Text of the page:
Have you noticed that the stock market has been doing great and companies are talking about big profits but the numbers of unemployed have remained without a whole lot of reduction?
Consider this, over the same time period that the economy has been in the toilet, technology is allowing companies to do more with fewer employees needed.
Companies are utilizing smart technology to find new and better ways to take care of routine tasks through automation.
This unfortunately leaves more people that otherwise would have been in mid-level jobs, out in the cold. Lower paying service jobs are stacking the income distribution curve so that the majority of earners are shoved to the bottom of the pile.
The other day I had coffee with a leader in a technology company that specializes in the automated writing of news stories about sporting events.
The company has major contracts to deliver stories and can easily publish about five million stories a day using $400 of technology and computing power. Their work is so good that you’ve probably read the stories they produce and didn’t even know it.
In a small way in my life I can already see the impact of technology cutting down on demand. Our little Neato robot vacuum cleaner does a really terrific job of keeping the floors in the house clean. It runs by itself, returns to charge and cleans every inch of the floor before moving to the next room.
Because of owning this little robot we have less of a demand for either cleaning ourselves or using an outside cleaning service.
Some jobs that may be replaced by automation as technology becomes faster, cheaper and smarter are pharmacists, drivers (automated cars), store clerks (better automated checkout), and reconnoissance pilots and some fighter pilots (drones).
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We might be quickly headed towards an economy where there are fewer high paying jobs and many low paying service jobs, with a shrinking number of jobs in the middle.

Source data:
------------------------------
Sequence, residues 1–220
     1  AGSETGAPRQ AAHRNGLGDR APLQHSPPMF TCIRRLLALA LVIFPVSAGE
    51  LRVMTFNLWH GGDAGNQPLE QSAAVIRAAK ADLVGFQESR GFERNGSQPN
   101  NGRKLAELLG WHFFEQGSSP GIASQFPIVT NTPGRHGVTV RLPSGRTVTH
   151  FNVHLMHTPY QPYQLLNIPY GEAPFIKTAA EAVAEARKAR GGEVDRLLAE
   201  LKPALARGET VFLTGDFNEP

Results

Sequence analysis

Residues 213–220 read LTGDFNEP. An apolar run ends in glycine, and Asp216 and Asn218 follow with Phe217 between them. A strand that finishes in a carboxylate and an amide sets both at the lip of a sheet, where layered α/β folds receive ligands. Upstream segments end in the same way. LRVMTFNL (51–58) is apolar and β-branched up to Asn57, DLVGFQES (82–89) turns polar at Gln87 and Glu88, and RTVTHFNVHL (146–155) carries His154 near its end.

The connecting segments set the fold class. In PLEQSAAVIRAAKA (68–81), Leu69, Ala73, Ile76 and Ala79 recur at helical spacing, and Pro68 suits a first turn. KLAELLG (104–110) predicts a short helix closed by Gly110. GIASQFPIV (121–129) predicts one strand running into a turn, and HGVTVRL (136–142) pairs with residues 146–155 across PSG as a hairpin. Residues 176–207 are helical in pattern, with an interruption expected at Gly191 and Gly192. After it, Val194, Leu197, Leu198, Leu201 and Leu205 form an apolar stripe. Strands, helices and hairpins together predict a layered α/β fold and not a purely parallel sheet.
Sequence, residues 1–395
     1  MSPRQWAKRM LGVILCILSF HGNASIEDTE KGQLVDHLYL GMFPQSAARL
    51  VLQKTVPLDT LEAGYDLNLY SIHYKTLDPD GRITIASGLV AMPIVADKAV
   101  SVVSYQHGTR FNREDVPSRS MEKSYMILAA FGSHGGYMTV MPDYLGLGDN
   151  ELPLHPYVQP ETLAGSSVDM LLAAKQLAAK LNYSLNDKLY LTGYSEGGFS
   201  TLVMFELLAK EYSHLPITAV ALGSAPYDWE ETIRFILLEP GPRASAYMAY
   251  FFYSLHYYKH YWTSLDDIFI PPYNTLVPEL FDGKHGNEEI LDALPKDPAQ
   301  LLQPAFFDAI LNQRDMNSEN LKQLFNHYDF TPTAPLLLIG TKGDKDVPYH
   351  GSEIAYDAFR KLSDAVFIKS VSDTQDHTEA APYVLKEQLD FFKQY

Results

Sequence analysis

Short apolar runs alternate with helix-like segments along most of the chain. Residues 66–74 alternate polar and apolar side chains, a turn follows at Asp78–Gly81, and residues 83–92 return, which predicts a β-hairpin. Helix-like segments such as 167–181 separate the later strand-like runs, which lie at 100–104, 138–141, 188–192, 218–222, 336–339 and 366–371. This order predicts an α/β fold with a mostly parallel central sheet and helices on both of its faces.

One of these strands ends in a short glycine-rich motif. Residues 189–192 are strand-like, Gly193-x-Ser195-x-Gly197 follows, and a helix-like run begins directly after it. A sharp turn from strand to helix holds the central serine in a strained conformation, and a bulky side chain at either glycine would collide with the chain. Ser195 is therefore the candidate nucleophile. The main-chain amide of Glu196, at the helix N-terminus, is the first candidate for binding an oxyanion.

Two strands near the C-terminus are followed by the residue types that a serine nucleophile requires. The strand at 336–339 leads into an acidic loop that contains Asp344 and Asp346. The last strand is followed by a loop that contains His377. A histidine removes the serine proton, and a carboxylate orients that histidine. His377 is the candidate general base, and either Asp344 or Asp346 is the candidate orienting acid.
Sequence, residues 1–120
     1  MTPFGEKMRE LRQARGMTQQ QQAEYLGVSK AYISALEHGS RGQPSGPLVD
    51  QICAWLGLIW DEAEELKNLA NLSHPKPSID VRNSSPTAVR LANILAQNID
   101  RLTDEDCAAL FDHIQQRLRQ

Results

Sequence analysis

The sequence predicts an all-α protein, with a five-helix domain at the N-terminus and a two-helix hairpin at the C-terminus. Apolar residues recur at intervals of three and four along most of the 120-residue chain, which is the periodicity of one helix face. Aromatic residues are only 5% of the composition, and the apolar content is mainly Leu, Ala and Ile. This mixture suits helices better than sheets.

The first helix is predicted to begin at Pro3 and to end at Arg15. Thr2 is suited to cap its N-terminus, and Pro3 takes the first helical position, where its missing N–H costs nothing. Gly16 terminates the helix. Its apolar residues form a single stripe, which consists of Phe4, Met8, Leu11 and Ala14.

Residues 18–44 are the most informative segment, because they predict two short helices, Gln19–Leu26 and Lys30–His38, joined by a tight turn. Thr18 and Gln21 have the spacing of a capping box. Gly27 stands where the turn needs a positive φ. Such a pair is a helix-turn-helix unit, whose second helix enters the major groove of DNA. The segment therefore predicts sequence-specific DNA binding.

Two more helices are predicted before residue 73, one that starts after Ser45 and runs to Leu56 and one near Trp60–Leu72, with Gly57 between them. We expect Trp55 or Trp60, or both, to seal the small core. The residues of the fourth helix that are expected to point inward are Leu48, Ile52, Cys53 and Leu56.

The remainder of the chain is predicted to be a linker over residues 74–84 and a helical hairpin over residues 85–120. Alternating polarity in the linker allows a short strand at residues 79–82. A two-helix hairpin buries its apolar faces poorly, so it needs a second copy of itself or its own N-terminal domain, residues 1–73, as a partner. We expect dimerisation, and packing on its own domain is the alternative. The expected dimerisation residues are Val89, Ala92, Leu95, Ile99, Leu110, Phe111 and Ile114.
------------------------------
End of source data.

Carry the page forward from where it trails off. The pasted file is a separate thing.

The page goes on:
If this polarization continues, a whole cohort of people who expected to be middle class—or at least financially stable—might find themselves living a very different reality. Then they might start asking questions about why they are in that position. If it gets increasingly hard to pretend that the average liberal-arts degree prepares a student for a decent job, there may be broader support for a sober assessment of our education system, and the reforms it needs. – Source
Kiva Systems is another example of a company developing technology that replaces workers. It’s order fulfillment robots reduces the need for more employees. The company was recently purchased by Amazon.
Not only do the Kiva robots fill two to four more orders per hour, but they cost about $20,000 each and have a seven year useful life.
The news of this advancing technology should not alarm you in the short-term but it should open your eyes as you look more long-term in the future of the career path you have elected.
Think about the days of needing a neighborhood travel agent. There are now generations of new people that have never visited a travel agent because automation and technology through the web has made the need for a travel agent, less necessary.
But as this new technology replaces old jobs that were historically performed by human employees, it will be exciting to see what new possibilities open up for future employees. Jobs we may not have even envisioned yet.
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